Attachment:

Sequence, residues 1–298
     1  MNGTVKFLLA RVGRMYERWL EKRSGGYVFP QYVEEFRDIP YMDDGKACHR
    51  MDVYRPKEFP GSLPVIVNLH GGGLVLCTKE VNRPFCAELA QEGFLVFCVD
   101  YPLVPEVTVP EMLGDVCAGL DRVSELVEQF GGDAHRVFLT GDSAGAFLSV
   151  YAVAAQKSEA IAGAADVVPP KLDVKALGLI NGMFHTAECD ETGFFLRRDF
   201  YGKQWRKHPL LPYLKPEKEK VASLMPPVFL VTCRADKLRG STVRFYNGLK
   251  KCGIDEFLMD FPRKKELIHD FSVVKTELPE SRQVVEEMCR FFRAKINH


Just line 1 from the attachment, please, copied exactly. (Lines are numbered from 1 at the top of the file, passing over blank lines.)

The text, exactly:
Sequence, residues 1–298